Now is the Time for Social Policy Renewal in the Arab World

November 28, 2012

Regional gathering of decision makers, stakeholders and international experts focuses on potential of social reform to deliver on goals of political transitions        

MARSEILLES, November 28, 2012 – Social policy in the Middle East and North Africa (MENA) could play a vital role in achieving key goals of the current transitions but would need reform to achieve their full effect. This was the conclusion of a high-level dialogue at the Center for Mediterranean Integration (CMI) which gathered leading international experts, along with decision makers, academics and civil society representatives from across the region.

This was the right discussion, at the right time, with the right people,” said Inger Andersen, World Bank Regional Vice President for MENA, who opened the conference. “We know from past experience that transitions offer a rare opportunity for social reform, driven as they are by the demand for more social and economic inclusion. Today’s event made it very clear that this is an opportunity to be seized, and now, with no time to lose.”     

The dialogue was part of ‘Rencontre Valmer,’ an ongoing series of conferences launched in the wake of the Arab revolutions. Focused on the diverse challenges the region faces as it undergoes transition, the series aims to support the creation of more just and inclusive societies. As explained by Steen Jorgensen, World Bank Director for MENA Human Development, in delivering one of the keynote addresses at today’s conference, reforming labor markets and social safety nets (SSN) has to be an essential ingredient of current efforts. His remarks also drew on some of the conclusions of a companion World Bank report on jobs in MENA which will be released in the coming months.

For the citizens of the region, the big challenges are jobs and effective protection for vulnerable citizens,” said Jorgensen. “The region currently spends six percent of its gross domestic product on social protection. But the vast majority of this money goes to universal fuel subsidies, which have proved to be ineffective in protecting the poor in times of crisis, and which provide far more benefits to the wealthy.”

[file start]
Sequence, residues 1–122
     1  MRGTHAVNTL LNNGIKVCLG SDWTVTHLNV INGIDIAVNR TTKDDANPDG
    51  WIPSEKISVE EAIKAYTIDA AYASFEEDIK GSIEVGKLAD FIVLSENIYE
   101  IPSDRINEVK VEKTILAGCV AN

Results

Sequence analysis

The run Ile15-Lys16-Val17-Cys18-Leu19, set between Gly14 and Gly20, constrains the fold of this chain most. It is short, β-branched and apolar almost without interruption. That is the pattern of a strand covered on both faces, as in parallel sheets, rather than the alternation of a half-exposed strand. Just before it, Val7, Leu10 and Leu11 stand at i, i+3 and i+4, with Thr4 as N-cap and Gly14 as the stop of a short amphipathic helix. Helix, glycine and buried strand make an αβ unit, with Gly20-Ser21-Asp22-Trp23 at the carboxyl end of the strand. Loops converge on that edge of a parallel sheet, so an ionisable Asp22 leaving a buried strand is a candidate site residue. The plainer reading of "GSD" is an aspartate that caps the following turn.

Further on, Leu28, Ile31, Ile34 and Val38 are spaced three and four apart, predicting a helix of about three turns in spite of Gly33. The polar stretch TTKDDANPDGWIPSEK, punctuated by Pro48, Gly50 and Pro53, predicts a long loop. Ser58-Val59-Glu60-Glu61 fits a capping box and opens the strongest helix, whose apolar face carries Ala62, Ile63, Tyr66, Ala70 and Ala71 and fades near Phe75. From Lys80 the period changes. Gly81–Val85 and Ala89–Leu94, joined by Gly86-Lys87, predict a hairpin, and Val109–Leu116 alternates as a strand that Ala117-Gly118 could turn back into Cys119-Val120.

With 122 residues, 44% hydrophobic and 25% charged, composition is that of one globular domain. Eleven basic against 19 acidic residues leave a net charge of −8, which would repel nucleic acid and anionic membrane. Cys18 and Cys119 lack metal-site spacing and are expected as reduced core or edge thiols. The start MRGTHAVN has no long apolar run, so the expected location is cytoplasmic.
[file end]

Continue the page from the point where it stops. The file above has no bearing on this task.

In his presentation, Jorgensen presented some of the findings of a new World Bank report Inclusion and Resilience: The Way Forward for Social Safety Nets in the Middle East and North Africa. The report evaluates the effectiveness of the region’s existing SSN in meeting the needs of the poor and vulnerable, and concludes that they fall short. The predominance of food and fuel subsidies, aimed at guaranteeing access to basic goods, not only offer weak protection against shocks, despite their high costs, but do little to help people climb out of poverty. The small percentages of SSN that are not subsidy based are under-resourced and fragmented, with many of them failing to reach those most in need.

Through reform, vital resources could be redirected to convert SSN into crucial instruments of change for the various transitions. They would need to be better targeted, to ensure they benefit the poor. And rather than guaranteeing subsistence, they should deliver the kind of support that builds resilience and promotes human development and opportunity. The report offers regional examples of successful reforms, such as the creation of a unified registry across SSN programs in the Palestinian Territories that significantly improved targeting accuracy and crisis response capacity.   

The report will have particular value for MENA policy makers as it goes beyond the need for more effective SSN programs to address the social and political challenge of the reform process itself. Gallup was commissioned by the report’s authors to conduct a survey of regional attitudes. Among the findings was that the vast majority of adults sampled in Egypt, Jordan, Lebanon and Tunisia believed that their government bore the primary responsibility for protecting the poor. They also believed that current social programs were ineffective. In addition, they were clear that SSN design should use levels of poverty as the main criterion for eligibility, and that benefits should be in cash rather than in-kind. These results suggest that the challenging task of reform should be an inclusive process, as a majority of the region’s citizens appear ready to support the goal of better targeted SSN with benefits that promote self-reliance.  

Participants in the dialogue agreed on continued exchange across the region drawing on the CMI platform as countries move forward with their plans for establishing strong and effective social policies that protect the poor and promote inclusive economic growth.

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